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Dozen fine French wines sent to International Space Station for a year of ageing


Wine lovers are always going the extra mile to get more from their drops. But now the search for the perfect vintage really has gone to the next level - all the way into space.

Photo for: Dozen fine French wines sent to International Space Station for a year of ageing

(News Source: 7News)

This week, 12 bottles of fine French wine were blasted up to the International Space Station.

They flew aboard a Northrop Grumman capsule that launched from Virginia on Saturday and arrived at the orbiting lab on Monday.

But it's not to add a little spice to the rations enjoyed by the astronauts up there.

It's for research. Really.

The wine was sent up by Luxembourg start-up Space Cargo Unlimited.

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Space radiation

It will be aged at the ISS for a year before it is sent back to the company.

Company officials say researchers will study how weightlessness and space radiation affects the ageing process.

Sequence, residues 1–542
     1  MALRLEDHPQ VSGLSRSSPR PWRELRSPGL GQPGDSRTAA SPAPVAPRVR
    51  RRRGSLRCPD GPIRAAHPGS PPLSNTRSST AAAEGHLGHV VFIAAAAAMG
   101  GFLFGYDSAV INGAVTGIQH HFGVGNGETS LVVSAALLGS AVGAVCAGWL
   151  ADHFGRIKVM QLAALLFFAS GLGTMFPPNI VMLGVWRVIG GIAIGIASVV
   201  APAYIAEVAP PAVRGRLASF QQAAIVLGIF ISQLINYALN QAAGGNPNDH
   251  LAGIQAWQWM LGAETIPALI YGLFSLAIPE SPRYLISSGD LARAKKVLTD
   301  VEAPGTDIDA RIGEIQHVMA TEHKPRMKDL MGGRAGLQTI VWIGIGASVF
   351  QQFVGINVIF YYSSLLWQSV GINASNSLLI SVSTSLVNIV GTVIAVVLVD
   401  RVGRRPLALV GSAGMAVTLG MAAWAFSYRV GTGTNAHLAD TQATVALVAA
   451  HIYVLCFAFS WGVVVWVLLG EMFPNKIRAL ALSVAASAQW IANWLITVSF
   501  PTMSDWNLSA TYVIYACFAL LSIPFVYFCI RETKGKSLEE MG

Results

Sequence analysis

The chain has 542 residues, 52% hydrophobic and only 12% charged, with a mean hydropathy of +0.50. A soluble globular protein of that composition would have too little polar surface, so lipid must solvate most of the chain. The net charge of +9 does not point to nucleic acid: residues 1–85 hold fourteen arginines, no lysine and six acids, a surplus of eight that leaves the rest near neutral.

Each bottle was packed in a metal canister to prevent breakage.

Vintage and vineyard have not been revealed.

Chemical comparison

As NASA explains, wine samples taken from the same batch will be stored here on earth and the results will be compared when the space station wine is returned.'

"Essential changes on the physics and chemical reactions of the multi-component liquid in microgravity are expected," a statement on the NASA website notes.

But it is not all about the wine.

"This knowledge has potential applications for enhancing the taste and smell of food products," NASA said.

"It also has potential applications for improved processes in medicine and agriculture."

Universities in Bordeaux, France, and Bavaria, Germany, are taking part in the experiment.

Winemaking uses both yeast and bacteria, and involves chemical processes, making wine ideal for space study, said University of Erlangen-Nuremberg's Michael Lebert, the experiment's scientific director, in a company video.

Boozy space

It's not the first batch of booze to head to the stars.

A French astronaut took a bottle of wine aboard the space shuttle Discovery in 1985, although it was not opened while the craft was in orbit.

Budweiser has already sent barley seeds to the station, with an eye to becoming the beverage of choice on Mars.

In 2015, a Japanese company known for its whiskey and other alcoholic drinks sent up samples.

And scotch was used for another experiment.

The space station's current crew includes three Americans, two Russians and an Italian.

NASA is opening the space station to more business opportunities like this and, eventually, even private astronaut missions.

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